There is an enormous amount of suffering today in America, part of what the author George Packer calls the ‘unwinding’. There is rampant gun violence in the inner cities, with 3,561 shootings in Chicago alone in 2021; there is a devastating opioid epidemic, particularly in rural areas, with over 75,000 opioid deaths, with a significant amount of opioids imported from China. The plight of the lower classes worsens, where low-paying service jobs predominate; poverty is growing, and the number of those participating in the work force continues to shrink. Sociologists like Joel Kotkin warn about a coming ‘neo-feudalism’ threatening to create a permanent class of modern serfs who subsist on shrinking incomes and fail to own property or equities. Over the past thirty years, America’s Gini coefficient, measuring income inequality, has steadily risen, as more national wealth is captured at the top of the income spectrum.

American educational rankings continue to wallow below other industrialised countries, and while the US university system remains the envy of the world, there is not enough concern over the threat to American competitiveness by undereducated and underperforming American youth to force any real change in public education. We are only just beginning to understand the long-term consequences of the school closures and remote learning during the pandemic. The dramatic decline in maths and science degrees obtained by US citizens means that Silicon Valley is largely dependent on foreign tech talent; as a nation of immigrants, such a situation is often adduced as proof of the continuing attractiveness of the American system, but there is far less worry over shrinking opportunity for undereducated, non-elite US youth.

Lower educational and employment opportunities are linked to America’s falling life expectancy and drug addiction and overdose rates, and undoubtedly fuel the recent crime surge that plagues American cities. That America’s future could be one of a truly two-class society, and the implications for everything from domestic innovation to military effectiveness, not to mention personal safety and civic cohesion, has so far failed to affect enough Americans across the political spectrum to force change.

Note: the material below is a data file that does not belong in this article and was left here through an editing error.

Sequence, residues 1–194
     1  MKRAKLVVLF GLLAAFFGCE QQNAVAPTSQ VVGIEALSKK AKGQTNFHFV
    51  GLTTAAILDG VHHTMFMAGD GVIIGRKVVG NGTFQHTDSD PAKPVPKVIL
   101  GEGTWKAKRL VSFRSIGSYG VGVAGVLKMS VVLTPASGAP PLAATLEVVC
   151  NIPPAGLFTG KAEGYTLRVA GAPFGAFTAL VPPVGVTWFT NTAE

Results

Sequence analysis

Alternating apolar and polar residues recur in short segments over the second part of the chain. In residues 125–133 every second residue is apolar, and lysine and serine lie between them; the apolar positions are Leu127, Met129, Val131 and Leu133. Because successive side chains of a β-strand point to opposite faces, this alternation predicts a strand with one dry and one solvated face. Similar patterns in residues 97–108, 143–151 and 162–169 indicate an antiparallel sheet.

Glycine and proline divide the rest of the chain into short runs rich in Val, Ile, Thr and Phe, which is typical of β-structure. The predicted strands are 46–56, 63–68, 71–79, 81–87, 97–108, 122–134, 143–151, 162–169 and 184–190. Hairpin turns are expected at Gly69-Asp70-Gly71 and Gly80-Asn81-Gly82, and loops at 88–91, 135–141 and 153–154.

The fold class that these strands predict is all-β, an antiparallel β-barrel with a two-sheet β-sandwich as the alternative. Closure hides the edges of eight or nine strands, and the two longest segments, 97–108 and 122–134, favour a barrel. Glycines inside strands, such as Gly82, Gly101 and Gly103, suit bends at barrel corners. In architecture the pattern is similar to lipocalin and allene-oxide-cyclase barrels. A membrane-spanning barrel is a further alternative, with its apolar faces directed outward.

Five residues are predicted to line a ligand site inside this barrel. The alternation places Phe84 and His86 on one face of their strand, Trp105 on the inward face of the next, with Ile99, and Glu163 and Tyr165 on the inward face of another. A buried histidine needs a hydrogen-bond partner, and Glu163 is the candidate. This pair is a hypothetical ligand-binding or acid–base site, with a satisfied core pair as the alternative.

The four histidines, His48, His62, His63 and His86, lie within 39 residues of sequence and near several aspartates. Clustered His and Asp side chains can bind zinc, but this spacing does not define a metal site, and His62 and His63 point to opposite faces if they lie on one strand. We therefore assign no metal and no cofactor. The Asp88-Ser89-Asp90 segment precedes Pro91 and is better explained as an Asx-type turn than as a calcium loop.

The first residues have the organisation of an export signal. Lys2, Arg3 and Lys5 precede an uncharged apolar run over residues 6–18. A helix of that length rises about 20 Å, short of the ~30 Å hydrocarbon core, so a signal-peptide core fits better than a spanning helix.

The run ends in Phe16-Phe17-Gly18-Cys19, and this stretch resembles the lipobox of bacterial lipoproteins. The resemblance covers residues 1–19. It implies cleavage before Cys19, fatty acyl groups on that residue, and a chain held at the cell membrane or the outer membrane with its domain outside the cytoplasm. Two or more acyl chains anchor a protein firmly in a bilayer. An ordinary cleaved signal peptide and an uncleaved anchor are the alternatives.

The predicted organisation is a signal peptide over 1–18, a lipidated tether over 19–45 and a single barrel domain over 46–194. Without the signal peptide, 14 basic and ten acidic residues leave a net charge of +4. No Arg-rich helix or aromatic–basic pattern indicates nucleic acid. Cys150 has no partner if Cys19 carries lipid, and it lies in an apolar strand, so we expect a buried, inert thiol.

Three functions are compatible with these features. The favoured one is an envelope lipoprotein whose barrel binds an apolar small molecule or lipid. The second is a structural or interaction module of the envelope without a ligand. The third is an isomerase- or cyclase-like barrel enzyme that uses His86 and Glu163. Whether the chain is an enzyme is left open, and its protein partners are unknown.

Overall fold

But here is the nub of the matter: all these failings over the past half-century come from domestic sources. It is not because of unequal treaties forced on Washington that drugs flow into the country to snuff out thousands of lives, nor is it because of foreign invasion that thousands of Americans die from gunshot wounds. And as for jobs, no foreign power carried away American factories – management and shareholders shipped those jobs abroad while labour unions refused to compromise on measures to save major American industries. And where America seemingly fruitlessly turned its energies outside its borders, as in the wars in Iraq and Afghanistan, the failures again were due to its own mistakes and lack of will, not to superior enemies (and even then, its actions have served to prevent another catastrophic attack on the homeland for over two decades after 9/11, and counting).

In other words, even with all this damage and failure, the ability to turn around these trends is entirely within its power. America retains great inherent strengths in its people, its natural resources, and its traditions. As Secretary of War Henry Stimson wrote in mid-1945 in conjunction with proposed plans for an invasion of Japan, ‘the problem is to translate these advantages into prompt and economical achievement of our objectives’. Nearly eight decades later, it faces the same problem.

Translating advantages into achievement requires a new realism to face squarely both threats abroad and shortcomings at home. It requires reorienting national priorities and accepting shared sacrifice now for long-term health. Kicking the can down the road may means a future of unending muddling through, lurching from crisis at home to crisis abroad. Conversely, bearing the burden of renewal might be the only way to ensure that America’s three victories will not be squandered, and is the best chance to prevent a defeat that could lead to a far greater crisis than those we have faced over the past quarter-century.


Michael Auslin